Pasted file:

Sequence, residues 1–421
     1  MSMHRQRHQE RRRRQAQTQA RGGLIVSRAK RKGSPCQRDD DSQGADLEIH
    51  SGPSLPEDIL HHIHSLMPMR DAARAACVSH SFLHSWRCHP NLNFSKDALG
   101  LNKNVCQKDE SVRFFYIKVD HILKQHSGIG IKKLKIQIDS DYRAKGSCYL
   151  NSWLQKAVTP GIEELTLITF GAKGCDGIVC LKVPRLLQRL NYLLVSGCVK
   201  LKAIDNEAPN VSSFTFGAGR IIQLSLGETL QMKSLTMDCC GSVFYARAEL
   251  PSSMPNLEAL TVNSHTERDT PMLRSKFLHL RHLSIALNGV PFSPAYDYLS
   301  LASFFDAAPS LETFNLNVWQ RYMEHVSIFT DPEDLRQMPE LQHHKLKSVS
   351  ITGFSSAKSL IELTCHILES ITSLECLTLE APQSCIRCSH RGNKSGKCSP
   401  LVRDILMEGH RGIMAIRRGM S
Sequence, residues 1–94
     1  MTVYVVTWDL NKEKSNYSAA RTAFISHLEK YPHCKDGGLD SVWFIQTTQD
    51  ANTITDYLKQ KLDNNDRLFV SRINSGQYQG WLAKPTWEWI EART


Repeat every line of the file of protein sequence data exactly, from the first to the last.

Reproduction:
Sequence, residues 1–421
     1  MSMHRQRHQE RRRRQAQTQA RGGLIVSRAK RKGSPCQRDD DSQGADLEIH
    51  SGPSLPEDIL HHIHSLMPMR DAARAACVSH SFLHSWRCHP NLNFSKDALG
   101  LNKNVCQKDE SVRFFYIKVD HILKQHSGIG IKKLKIQIDS DYRAKGSCYL
   151  NSWLQKAVTP GIEELTLITF GAKGCDGIVC LKVPRLLQRL NYLLVSGCVK
   201  LKAIDNEAPN VSSFTFGAGR IIQLSLGETL QMKSLTMDCC GSVFYARAEL
   251  PSSMPNLEAL TVNSHTERDT PMLRSKFLHL RHLSIALNGV PFSPAYDYLS
   301  LASFFDAAPS LETFNLNVWQ RYMEHVSIFT DPEDLRQMPE LQHHKLKSVS
   351  ITGFSSAKSL IELTCHILES ITSLECLTLE APQSCIRCSH RGNKSGKCSP
   401  LVRDILMEGH RGIMAIRRGM S
Sequence, residues 1–94
     1  MTVYVVTWDL NKEKSNYSAA RTAFISHLEK YPHCKDGGLD SVWFIQTTQD
    51  ANTITDYLKQ KLDNNDRLFV SRINSGQYQG WLAKPTWEWI EART